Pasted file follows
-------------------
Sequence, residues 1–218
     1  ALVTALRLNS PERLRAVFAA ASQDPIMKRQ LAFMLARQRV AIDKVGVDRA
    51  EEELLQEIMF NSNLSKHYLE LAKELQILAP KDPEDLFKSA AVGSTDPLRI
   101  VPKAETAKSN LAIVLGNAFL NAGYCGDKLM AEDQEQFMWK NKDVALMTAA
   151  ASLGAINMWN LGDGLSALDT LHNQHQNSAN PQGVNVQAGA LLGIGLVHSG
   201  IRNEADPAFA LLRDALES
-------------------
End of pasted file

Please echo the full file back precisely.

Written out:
Sequence, residues 1–218
     1  ALVTALRLNS PERLRAVFAA ASQDPIMKRQ LAFMLARQRV AIDKVGVDRA
    51  EEELLQEIMF NSNLSKHYLE LAKELQILAP KDPEDLFKSA AVGSTDPLRI
   101  VPKAETAKSN LAIVLGNAFL NAGYCGDKLM AEDQEQFMWK NKDVALMTAA
   151  ASLGAINMWN LGDGLSALDT LHNQHQNSAN PQGVNVQAGA LLGIGLVHSG
   201  IRNEADPAFA LLRDALES